The raw stats are mainly a form of aesthetic continuity with Dungeons & Dragons. Since the game uses Power by the Apocalypse math for almost all of the moves, it's the "modifier" that's more important in play.
However, note the Level Up move:
- Choose one of your stats and increase it by 1 (this may change your modifier). Changing your Constitution increases your maximum and current HP. Ability scores can’t go higher than 18.
In "normal" PBTA terms, your starting stat array is basically just +2, +1, +1, +0, +0, -1. But advancement is uneven in ways that are difficult to replicate perfectly with just the -3 to +3 structure. (Several D&D editions have a similar relationship between raising stats at level-up and their derived modifier, though they don't give you a boost at every level.)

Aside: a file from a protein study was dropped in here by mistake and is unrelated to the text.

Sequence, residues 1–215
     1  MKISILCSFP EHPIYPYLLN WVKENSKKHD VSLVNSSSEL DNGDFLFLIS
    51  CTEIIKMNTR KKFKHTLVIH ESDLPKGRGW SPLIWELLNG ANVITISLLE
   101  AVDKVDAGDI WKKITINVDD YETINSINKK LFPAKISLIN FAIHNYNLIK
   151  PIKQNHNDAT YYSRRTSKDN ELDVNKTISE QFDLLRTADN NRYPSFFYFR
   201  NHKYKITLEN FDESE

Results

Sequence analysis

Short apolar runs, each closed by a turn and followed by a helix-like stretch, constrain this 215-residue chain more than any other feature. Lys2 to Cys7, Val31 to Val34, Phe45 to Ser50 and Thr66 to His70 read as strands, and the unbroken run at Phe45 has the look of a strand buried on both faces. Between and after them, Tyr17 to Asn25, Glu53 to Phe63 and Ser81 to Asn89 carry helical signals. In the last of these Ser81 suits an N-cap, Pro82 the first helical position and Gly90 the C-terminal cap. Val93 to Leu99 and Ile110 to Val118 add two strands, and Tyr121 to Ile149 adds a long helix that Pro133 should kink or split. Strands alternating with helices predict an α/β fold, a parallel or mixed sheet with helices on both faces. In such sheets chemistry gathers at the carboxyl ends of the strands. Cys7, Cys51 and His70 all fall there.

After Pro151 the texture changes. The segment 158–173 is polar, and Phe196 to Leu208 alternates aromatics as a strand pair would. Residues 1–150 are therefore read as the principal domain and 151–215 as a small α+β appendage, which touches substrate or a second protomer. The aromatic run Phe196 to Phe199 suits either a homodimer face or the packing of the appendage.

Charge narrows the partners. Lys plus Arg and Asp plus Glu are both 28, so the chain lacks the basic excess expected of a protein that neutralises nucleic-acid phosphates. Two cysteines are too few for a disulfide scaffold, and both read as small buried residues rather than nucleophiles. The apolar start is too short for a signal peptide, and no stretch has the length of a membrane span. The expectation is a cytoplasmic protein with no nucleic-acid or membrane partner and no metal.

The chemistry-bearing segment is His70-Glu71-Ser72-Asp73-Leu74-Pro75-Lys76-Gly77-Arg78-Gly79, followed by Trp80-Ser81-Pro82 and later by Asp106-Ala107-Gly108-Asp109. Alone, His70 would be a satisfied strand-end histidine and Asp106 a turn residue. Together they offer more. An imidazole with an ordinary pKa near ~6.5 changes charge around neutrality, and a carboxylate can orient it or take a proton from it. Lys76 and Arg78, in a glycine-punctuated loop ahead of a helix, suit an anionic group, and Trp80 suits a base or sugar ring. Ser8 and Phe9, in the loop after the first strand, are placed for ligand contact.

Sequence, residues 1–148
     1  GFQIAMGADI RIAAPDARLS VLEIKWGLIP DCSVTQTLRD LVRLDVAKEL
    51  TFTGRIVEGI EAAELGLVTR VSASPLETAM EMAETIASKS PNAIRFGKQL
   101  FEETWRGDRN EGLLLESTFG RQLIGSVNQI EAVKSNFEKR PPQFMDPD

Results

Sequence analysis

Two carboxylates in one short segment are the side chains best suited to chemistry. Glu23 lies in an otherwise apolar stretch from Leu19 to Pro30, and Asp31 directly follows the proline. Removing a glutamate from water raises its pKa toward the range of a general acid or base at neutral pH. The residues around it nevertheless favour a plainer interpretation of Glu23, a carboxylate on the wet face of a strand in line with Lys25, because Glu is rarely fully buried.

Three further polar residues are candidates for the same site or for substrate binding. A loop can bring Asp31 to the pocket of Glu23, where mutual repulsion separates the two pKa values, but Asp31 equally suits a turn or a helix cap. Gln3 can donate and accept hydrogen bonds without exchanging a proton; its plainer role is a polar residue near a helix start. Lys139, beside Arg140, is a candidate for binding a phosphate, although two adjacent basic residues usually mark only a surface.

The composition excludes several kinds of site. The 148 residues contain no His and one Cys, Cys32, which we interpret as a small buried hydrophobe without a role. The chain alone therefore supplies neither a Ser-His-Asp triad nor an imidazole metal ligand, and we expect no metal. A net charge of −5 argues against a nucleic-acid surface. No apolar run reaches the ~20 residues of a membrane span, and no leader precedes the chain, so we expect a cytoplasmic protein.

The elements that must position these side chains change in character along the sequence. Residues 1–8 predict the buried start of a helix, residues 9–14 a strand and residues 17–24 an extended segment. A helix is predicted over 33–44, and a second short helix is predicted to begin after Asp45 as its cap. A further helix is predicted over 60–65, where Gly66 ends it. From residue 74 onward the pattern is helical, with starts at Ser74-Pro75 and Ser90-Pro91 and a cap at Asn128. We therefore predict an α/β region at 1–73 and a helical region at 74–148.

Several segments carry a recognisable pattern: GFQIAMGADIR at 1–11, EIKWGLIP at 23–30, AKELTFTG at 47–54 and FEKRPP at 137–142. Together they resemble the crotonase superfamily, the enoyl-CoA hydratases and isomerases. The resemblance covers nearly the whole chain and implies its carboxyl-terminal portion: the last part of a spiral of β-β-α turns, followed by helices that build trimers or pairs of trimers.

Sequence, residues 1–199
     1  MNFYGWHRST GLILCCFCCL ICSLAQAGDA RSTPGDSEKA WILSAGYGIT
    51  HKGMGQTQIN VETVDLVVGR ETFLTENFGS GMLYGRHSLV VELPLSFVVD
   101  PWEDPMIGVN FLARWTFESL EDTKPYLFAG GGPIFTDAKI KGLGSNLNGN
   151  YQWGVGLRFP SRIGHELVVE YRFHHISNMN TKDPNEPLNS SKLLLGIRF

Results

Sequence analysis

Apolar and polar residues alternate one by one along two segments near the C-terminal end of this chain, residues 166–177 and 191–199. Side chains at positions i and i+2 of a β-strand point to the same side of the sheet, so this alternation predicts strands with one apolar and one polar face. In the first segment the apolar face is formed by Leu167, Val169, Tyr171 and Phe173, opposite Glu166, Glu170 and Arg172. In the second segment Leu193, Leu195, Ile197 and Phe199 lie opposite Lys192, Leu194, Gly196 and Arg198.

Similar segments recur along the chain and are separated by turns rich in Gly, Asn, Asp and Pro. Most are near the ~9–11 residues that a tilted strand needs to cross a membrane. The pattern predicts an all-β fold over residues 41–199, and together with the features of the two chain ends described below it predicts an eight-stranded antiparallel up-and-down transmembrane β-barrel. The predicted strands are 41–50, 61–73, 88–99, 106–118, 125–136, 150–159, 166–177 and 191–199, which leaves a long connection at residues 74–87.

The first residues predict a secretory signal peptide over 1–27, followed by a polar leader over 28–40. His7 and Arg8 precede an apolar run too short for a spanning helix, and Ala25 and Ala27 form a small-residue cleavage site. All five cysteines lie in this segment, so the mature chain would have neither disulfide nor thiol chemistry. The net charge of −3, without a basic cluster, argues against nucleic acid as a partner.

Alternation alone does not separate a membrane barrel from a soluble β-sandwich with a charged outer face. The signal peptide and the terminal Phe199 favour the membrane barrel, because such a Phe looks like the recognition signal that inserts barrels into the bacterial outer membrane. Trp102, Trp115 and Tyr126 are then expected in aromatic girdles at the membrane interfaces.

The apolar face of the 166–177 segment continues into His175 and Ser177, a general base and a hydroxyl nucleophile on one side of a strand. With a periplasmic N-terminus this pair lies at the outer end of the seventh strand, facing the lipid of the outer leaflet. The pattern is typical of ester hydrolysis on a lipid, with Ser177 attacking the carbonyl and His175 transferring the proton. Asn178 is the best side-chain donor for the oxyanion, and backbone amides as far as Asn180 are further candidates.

The main explanation I'd give to confused newbies is "these are your characters' D&D stats, to give you a small impression of what they'd be like in D&D."
If you're actively hacking the game in significant ways, the "raw stats" are pretty easy to remove (World of Dungeons did, for instance). For example, you can replace the Level-Up mechanic with "+1 stat modifier every 'even' level (max +3)," if pressed, at the cost of a few quirks like making it harder for players to "round out" their low stats cheaply.
If you're just making small tweaks, however, consider this: they're already in the text and part of the character sheet, and 'faithfully' replacing the raw-stat math in all those places would actually be pretty clunky.